Soldiers at Fort Carso President Obama told congressional leaders Thursday he's planning to pull all combat troops out of Iraq by August 2010, according to three congressional officials.
Under this scenario, all combat troops will be withdrawn within 19 months of Obama's January inauguration, three months longer than his promise on the campaign trail.
In a meeting at the White House Thursday evening, Obama also told lawmakers that he plans to keep a range of 35,000 to 50,000 support troops on the ground in Iraq after combat troops are out, the officials said.
All U.S. troops have to be out of Iraq by December 31, 2011, under an agreement the Bush administration signed with the Iraqi government last year.
White House officials confirmed the president will deliver a speech about Iraq to troops at Camp Lejeune in North Carolina on Friday, his first visit to a military base since being sworn into office.
The officials refused to comment on the details of Obama's plan.
While liberals may be frustrated that Obama is not keeping his campaign promise to the letter, the president could win credit from lawmakers in both parties for giving military commanders more time and flexibility to finish the mission.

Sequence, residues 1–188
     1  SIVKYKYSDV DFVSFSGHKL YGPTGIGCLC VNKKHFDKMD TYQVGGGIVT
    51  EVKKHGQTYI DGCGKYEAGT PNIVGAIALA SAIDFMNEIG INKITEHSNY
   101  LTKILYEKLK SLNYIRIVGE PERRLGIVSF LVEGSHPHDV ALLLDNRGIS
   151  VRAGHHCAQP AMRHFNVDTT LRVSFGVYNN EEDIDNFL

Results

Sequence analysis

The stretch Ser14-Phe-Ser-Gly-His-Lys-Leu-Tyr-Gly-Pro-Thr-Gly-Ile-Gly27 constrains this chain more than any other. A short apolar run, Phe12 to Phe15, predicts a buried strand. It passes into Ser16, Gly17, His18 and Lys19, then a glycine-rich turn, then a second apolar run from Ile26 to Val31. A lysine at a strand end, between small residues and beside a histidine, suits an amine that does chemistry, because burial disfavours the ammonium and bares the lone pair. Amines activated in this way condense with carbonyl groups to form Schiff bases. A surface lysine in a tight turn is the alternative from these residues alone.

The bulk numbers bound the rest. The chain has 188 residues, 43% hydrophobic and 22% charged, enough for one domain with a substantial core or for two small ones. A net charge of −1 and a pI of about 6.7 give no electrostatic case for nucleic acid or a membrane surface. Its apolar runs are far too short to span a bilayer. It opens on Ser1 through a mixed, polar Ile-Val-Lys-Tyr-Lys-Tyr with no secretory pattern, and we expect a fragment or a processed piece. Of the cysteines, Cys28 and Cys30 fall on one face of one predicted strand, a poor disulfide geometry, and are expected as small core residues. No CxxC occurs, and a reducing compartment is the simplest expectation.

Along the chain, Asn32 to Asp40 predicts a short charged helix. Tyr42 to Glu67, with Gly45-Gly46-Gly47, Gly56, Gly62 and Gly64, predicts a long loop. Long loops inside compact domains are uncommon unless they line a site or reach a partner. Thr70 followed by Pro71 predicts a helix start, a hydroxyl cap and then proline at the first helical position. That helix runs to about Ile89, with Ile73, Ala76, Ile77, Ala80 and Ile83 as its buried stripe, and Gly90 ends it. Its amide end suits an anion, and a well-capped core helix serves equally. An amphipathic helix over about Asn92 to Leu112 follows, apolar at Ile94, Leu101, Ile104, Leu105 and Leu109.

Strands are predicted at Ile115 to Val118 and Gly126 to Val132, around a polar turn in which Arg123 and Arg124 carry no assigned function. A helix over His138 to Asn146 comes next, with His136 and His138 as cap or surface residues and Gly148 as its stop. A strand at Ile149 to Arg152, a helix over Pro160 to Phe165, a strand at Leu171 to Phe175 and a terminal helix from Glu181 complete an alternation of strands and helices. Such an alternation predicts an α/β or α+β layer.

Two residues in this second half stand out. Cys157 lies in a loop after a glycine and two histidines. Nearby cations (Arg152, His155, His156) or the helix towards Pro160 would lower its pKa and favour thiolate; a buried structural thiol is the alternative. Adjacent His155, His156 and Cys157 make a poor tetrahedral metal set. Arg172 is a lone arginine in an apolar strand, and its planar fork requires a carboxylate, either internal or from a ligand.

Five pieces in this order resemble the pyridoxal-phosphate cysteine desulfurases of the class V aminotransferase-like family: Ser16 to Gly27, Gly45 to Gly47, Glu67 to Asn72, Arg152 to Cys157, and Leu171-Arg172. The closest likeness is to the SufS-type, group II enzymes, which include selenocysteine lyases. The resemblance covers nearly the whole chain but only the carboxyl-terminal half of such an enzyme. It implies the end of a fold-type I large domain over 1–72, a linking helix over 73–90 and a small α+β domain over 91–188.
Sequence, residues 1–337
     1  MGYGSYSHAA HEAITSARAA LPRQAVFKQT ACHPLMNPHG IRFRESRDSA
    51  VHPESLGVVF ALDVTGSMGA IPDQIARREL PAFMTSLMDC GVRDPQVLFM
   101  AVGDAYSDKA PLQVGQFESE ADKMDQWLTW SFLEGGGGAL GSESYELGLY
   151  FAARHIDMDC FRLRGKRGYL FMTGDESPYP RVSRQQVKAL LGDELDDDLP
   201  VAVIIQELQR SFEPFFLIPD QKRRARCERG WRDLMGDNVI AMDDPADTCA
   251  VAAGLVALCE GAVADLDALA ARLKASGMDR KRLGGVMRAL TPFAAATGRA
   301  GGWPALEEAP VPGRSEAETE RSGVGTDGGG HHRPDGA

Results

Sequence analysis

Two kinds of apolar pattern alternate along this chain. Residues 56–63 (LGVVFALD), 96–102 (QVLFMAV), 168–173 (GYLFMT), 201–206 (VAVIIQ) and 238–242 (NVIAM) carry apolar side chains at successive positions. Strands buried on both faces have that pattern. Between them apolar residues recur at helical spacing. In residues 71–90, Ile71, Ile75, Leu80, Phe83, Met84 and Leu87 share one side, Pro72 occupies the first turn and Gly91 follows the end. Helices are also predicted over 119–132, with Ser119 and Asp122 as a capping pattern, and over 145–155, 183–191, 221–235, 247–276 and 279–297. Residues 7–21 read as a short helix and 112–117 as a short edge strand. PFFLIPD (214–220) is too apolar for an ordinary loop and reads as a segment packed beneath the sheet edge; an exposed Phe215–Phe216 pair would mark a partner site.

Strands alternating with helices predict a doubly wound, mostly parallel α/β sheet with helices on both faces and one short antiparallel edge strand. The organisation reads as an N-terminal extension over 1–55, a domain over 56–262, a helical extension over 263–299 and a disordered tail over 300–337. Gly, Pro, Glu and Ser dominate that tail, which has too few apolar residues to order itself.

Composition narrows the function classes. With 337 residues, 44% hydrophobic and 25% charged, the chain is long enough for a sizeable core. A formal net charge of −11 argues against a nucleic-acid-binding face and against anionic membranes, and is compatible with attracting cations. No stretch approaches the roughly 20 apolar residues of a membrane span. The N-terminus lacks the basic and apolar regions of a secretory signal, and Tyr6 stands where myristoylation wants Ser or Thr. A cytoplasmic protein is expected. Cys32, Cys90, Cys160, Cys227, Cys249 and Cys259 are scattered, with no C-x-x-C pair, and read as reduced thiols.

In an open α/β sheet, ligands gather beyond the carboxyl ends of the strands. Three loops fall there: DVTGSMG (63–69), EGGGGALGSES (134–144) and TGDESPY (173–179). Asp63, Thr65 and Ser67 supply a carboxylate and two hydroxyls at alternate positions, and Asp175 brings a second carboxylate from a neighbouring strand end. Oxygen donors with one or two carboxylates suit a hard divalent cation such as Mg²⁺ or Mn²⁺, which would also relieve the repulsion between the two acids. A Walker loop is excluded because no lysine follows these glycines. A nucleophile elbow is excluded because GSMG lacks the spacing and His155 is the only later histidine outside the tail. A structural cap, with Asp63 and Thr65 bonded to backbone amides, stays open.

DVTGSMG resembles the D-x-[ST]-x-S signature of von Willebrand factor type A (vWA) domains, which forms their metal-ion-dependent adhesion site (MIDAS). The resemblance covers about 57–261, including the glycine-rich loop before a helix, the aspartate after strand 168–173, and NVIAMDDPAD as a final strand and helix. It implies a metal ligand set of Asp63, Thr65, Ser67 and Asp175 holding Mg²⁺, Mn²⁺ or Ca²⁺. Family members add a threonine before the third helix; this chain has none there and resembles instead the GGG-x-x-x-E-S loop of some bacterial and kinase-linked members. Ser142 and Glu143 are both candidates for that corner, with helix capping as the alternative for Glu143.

What may turn out to be more controversial is the number of noncombat troops that will remain in Iraq under Obama's plan.
Military officials have stressed that residual, noncombat forces would focus on supplies and logistics to protect U.S. interests in the region. But senior Democrats such as Senate Majority Leader Harry Reid have expressed concern over such a large number of troops staying in Iraq after combat forces have left.
One source familiar with the discussion told CNN that Democratic lawmakers complained in private to the president about the remaining troops just as they have in public.
"That's a little higher number than I expected," Reid said Thursday before the White House meeting.
Sen. Richard Durbin, the No. 2 Democrat and a close Obama ally, said before the White House meeting that he's anxious to get troops home. But he defended the administration, saying it is "trying to strike the right balance" between ending the war and maintaining stability in Iraq.
A spokeswoman for Sen. John McCain, the top Republican on the Senate Arms Services committee and an attendee at the White House meeting, told CNN that McCain supports the plan to leave 50,000 troops in Iraq.